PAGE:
We recently had the chance to talk with David F. Ford about his book The Drama of Living: Becoming Wise in the Spirit.
David F. Ford (PhD, University of Cambridge) is Regius Professor of Divinity at the University of Cambridge, where he has taught for more than twenty years, and director of the Cambridge Inter-Faith Program. He is also a Fellow of Selwyn College and the author or editor of more than fifteen books, including The Shape of Living. Ford is one of the founders of Scriptural Reasoning and has been extensively involved in generating new modes of engagement for inter-faith relations in the post-9/11 world.
Part 1 of this interview is available here.
Part 2 of this interview is available here.
In your book you write about L’Arche communities. What is L’Arche, and how has it affected your life?
The L’Arche communities began about fifty years ago when the French Canadian Jean Vanier invited two men from an institution for those with severe learning disabilities to live in community with him in the village of Trosly-Breuil, near Compiegne in France. The central idea is of a family-like community of those with and without learning disabilities. There is now an international federation of around 150 communities in all continents. I have been involved with L’Arche for twenty-five years, and recently my wife, Deborah (an Anglican priest and a psychotherapist, who figures at various points in The Drama of Living), has led an initiative to found a small residential community in Cambridge inspired by L’Arche. “Lyn’s House,” as it is called, is not part of the L’Arche Federation because it is not a residential community for those with disabilities, but, with encouragement from Jean Vanier and L’Arche UK, it is a place where four young people are living and creating a place of hospitality and friendship for people with learning disabilities.
The Drama of Living has a good deal to say about L’Arche, and also quotes from Vanier’s remarkable meditative commentary on the Gospel of John, Drawn into the Mystery of Jesus through the Gospel of John, in which he distills decades of experience of L’Arche and a lifetime of reading the Gospel. For me, L’Arche is an important sign of a deep truth: that it is only by putting those who are disabled, elderly, poor, or otherwise marginalized at the center of our communities that we can have truly healthy social life. Usually, our communities center on the powerful, successful, wealthy, healthy, well-educated, and beautiful. We need to be in communities of the weaker and stronger in which what matters most is not whether a particular person is weak or strong, abled or disabled, but whether it is a community of love and service—face-to-face and (referring to the ritual of footwashing that is practiced in L’Arche, following the story of Jesus washing his disciples’ feet in John chapter 13) face-to-feet.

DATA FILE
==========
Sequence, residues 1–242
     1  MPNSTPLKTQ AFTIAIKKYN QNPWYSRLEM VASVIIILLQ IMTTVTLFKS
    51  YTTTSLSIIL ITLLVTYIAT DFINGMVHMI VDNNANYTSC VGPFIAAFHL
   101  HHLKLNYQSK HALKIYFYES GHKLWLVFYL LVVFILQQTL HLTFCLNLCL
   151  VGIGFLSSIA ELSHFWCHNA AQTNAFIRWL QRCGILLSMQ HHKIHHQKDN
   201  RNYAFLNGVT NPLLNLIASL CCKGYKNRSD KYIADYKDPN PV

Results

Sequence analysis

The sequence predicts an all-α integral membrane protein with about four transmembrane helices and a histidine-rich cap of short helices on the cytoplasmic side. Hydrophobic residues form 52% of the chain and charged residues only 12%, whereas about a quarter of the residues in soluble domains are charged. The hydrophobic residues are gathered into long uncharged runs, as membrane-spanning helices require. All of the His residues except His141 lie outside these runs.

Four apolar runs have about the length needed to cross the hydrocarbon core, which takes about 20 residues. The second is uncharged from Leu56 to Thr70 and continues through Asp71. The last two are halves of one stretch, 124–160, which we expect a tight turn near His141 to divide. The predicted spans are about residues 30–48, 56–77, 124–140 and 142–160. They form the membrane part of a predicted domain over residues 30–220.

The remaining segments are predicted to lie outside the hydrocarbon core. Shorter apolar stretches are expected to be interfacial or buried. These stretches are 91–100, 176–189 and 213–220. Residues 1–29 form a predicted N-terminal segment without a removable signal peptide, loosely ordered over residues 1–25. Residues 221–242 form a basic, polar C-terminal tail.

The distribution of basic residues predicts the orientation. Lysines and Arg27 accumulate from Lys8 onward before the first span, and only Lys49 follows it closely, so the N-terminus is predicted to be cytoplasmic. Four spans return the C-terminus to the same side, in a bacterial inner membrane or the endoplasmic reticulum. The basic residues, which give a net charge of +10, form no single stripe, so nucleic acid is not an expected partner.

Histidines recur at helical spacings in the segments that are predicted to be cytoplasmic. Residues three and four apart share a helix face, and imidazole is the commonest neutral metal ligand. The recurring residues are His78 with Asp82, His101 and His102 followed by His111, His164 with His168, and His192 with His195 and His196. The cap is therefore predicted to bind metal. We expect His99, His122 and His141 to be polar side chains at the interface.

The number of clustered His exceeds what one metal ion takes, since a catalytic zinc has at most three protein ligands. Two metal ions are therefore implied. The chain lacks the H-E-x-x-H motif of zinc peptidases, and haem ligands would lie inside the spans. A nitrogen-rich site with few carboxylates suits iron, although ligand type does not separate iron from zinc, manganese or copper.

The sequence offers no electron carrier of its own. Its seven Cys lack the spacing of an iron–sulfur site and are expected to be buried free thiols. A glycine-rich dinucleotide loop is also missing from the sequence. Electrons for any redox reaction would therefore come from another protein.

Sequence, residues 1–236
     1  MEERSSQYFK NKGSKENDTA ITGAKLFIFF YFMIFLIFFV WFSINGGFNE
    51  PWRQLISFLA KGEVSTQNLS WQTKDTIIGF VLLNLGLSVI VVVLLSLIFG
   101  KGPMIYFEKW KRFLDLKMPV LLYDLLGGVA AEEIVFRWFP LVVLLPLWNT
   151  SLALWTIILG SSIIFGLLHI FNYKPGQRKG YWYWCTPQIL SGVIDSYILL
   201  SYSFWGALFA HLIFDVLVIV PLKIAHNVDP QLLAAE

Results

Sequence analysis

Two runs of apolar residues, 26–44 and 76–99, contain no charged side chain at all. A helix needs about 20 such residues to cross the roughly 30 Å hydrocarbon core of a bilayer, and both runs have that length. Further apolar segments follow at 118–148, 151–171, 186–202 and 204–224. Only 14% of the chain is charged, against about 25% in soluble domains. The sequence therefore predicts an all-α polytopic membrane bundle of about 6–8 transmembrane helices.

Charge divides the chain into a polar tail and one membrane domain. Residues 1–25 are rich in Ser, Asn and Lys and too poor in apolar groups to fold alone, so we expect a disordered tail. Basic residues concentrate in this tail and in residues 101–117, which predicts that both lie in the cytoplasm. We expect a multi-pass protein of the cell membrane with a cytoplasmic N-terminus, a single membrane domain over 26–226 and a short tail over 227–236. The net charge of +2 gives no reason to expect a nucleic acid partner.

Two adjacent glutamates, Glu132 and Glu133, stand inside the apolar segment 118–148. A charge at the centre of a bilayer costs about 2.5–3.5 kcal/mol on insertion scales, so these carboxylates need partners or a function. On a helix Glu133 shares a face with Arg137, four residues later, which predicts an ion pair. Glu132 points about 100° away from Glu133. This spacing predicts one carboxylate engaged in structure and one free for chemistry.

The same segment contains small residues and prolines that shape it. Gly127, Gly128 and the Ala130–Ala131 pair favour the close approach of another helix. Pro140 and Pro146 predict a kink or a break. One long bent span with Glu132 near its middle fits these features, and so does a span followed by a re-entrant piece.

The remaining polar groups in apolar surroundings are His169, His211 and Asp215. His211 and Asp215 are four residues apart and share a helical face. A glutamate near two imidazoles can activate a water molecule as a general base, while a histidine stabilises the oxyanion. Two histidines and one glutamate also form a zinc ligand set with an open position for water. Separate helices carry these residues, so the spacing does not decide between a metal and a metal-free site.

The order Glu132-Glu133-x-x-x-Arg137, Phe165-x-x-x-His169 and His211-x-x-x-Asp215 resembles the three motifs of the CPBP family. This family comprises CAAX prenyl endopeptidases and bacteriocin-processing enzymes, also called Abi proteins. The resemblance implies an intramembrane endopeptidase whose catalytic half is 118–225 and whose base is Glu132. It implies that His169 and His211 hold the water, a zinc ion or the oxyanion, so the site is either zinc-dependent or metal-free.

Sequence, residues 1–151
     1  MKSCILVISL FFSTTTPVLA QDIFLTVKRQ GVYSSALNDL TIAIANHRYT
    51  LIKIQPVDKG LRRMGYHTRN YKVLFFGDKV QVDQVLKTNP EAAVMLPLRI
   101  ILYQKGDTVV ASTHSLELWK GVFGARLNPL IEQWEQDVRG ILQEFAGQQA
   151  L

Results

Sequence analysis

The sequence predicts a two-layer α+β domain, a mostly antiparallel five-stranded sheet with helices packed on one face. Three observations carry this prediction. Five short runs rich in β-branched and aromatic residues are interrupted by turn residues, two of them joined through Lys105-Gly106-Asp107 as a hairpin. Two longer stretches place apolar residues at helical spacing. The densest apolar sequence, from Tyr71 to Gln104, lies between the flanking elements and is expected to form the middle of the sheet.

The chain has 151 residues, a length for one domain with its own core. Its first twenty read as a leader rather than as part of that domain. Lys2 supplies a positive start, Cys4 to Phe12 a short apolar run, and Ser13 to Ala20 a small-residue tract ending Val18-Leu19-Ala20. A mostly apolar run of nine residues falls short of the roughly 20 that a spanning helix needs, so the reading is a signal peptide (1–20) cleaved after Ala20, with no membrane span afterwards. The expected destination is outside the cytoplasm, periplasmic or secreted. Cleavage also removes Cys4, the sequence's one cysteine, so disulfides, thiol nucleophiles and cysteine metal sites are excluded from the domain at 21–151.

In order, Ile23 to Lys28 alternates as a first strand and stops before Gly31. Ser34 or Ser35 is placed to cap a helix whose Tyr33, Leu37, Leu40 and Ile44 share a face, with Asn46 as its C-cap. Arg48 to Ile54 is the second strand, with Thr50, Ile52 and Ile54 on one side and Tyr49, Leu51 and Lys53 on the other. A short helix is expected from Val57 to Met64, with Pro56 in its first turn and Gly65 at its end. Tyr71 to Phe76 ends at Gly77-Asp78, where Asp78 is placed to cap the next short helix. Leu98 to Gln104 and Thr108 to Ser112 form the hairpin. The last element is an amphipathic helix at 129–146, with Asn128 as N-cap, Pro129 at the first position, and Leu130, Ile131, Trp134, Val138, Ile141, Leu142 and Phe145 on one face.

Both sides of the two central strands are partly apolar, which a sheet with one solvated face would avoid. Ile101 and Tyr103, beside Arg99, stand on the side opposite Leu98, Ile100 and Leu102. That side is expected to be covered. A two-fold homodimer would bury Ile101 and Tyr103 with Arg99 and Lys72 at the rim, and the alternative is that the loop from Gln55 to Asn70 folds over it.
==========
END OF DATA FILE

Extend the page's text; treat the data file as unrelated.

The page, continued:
The appendix to The Drama of Living is an address I gave at the funeral of Micheal O’Siadhail’s wife, Bríd. She had Parkinson’s for over twenty years, and in writing the address I realized afresh how the “community of the weaker and stronger” can apply in marriage and also to society more widely.
A final point about L’Arche is how celebration is central to it, not least in birthdays and the various festivals through the year. It is the joy (often alongside much suffering) at the heart of L’Arche communities, Lyn’s House, and a marriage such as that of Micheal and Bríd that is to me a key sign of the trust, hope, and love that our world most needs.
What place does repetition have in what you call “the sphere of meaning”? Why is rereading so fundamental for learning?
I am intrigued by how much of life is repetition—in bodily functions like breathing, waking, and sleeping; in nature’s patterns of light and dark, seasons and life-cycles; and in so many routines, regularities, and habits. The chapter of The Drama of Living on “Rereading and Rehearsing: Classic Surprises” was a lovely one to write, and all sorts of things came together for me for the first time. I now tell our first-year students in Cambridge that one of the most important things they can learn is to read slowly and to reread good texts time and time again. I love the preface to Paul Griffiths’ book, Religious Reading: The Place of Reading in the Practice of Religion, which I quote in the chapter. I deeply appreciate the way the Gospel of John is steeped in John’s Bible, the Septuagint, which is the translation of the Hebrew scriptures into Greek (the language of most Jews in the Roman Empire) that happened in Alexandria a couple of centuries before Jesus and became the Bible of most of the authors of the New Testament. John’s way of reading his Bible teaches us how to read his Gospel, and clearly involves much rereading.
I am also intrigued by preparation and rehearsal, “repetition in advance.” A great deal of life is taken up by preparation—for events, projects, careers, interviews, meetings, performances, meals, sporting competitions, holidays, and so on. The Drama of Living asks about wise preparation, and connects it to religious habits of prayer, study, and worship.
Then there is the great Jewish contribution to the patterns of repetition in our culture: the week, with a Sabbath. That is meditated upon as one of the wisest institutions of all. The sabbath can be seen as a preparation for the week ahead, or the week can be seen as a preparation for the sabbath. Above all, it is a time when life can be enjoyed for its own sake, and God for God’s sake.